Alan Burns, Andrew M. Lister, Andrew J. Wellings
Ada* is unquestionably one of the most significant programming languages to emerge in the last decade. The manner of its inception and support by the US Department of Defense (DoD) ensures that it will be used extensively for the indefinite future in programming large and complex systems. The growing availability of compilers means that many organisations are already committed to using the language for sizable and significant applications. As a perhaps inevitable result of its design goals, Ada is a "large" language. It has Pascal-like control and type constructs; a mechanism for exception handling; a package structure for information hiding, decomposition and separate compilation; facilities for low-level programming; and a tasking model of concurrency. It is perhaps this last area that has generated most debate, criticism and disagreement. The purpose of this book is to review the tasking model in the light of the extensive analysis and comment which has appeared in the literature.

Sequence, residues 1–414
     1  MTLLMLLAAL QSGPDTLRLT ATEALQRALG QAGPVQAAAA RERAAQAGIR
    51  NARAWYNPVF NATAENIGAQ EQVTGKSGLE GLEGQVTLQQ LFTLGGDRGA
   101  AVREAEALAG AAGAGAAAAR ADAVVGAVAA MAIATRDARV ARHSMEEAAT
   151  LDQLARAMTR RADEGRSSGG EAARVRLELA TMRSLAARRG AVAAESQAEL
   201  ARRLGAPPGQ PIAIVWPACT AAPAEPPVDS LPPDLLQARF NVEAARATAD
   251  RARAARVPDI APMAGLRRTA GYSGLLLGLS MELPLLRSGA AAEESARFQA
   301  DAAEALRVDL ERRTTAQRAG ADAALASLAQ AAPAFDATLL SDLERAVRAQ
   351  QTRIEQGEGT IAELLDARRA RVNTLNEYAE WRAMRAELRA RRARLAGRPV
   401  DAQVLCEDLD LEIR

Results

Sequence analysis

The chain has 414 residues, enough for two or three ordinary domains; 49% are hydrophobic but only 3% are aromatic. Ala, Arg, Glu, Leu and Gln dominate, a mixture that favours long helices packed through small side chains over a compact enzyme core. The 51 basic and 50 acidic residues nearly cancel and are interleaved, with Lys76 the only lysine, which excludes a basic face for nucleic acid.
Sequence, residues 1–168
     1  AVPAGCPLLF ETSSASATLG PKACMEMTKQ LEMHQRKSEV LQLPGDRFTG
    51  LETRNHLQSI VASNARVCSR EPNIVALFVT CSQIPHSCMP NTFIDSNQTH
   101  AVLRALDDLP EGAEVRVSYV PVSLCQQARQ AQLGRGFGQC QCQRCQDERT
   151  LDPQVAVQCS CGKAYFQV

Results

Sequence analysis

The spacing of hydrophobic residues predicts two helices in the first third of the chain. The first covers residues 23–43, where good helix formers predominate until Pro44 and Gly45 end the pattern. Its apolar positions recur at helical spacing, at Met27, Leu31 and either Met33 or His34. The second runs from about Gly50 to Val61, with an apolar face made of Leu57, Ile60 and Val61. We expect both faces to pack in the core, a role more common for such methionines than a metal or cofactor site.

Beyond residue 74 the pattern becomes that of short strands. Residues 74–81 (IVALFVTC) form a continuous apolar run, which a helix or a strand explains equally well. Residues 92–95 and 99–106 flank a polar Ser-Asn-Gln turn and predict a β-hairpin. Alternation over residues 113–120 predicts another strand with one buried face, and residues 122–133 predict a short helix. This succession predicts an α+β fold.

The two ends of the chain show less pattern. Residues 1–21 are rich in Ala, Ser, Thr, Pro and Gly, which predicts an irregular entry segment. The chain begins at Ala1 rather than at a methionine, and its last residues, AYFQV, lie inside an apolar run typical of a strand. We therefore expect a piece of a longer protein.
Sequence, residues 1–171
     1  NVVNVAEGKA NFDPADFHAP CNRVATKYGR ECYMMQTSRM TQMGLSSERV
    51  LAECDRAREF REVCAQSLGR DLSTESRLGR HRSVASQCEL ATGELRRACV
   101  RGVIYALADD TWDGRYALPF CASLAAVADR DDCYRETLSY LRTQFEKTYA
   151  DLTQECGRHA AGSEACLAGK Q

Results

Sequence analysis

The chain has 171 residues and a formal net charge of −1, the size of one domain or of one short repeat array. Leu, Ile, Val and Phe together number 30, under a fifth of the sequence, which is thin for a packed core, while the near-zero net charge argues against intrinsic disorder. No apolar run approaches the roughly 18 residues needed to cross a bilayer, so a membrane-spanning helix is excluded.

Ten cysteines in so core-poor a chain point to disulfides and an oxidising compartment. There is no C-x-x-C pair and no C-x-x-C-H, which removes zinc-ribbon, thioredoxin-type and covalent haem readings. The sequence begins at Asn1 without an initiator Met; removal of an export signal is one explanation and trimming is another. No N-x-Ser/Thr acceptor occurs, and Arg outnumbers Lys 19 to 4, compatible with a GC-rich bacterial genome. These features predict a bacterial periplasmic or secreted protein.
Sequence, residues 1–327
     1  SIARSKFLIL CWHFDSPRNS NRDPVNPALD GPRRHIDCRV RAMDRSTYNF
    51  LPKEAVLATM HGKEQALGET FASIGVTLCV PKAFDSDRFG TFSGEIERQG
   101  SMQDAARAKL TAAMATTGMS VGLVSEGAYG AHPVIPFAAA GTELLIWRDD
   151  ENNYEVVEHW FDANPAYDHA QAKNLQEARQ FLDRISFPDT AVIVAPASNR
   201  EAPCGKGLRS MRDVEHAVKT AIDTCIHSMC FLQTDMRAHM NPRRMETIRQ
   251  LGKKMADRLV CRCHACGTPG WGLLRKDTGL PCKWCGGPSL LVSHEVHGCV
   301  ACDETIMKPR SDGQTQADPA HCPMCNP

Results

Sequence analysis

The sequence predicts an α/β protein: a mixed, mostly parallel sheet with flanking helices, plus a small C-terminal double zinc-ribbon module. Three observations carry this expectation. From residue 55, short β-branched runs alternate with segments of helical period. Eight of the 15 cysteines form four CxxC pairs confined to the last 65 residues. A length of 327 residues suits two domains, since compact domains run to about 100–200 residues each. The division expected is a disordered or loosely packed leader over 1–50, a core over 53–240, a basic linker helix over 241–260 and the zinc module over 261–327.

The review is necessarily wide-ranging, including discussion of - Ada as a general purpose concurrent programming language, - Ada as a language for embedded and distributed systems, - implementation issues, with particular reference to distributed systems, - formal semantics, specification and verification, - proposed language modifications. By consolidating this discussion within the confines of a single review, potential users of the tasking facility are enabled to familiarise themselves with all the factors which may impinge upon the performance, reliability and correctness of their software. The book also provides a focus for any debate on modifications to the Ada language, or developments from it.